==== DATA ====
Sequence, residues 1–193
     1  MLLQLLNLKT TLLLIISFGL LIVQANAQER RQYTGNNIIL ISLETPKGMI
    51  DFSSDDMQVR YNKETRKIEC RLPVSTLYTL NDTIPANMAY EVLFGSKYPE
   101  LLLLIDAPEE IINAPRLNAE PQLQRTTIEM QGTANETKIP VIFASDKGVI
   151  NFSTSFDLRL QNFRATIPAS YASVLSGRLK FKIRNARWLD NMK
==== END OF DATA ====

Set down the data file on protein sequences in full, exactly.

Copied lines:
Sequence, residues 1–193
     1  MLLQLLNLKT TLLLIISFGL LIVQANAQER RQYTGNNIIL ISLETPKGMI
    51  DFSSDDMQVR YNKETRKIEC RLPVSTLYTL NDTIPANMAY EVLFGSKYPE
   101  LLLLIDAPEE IINAPRLNAE PQLQRTTIEM QGTANETKIP VIFASDKGVI
   151  NFSTSFDLRL QNFRATIPAS YASVLSGRLK FKIRNARWLD NMK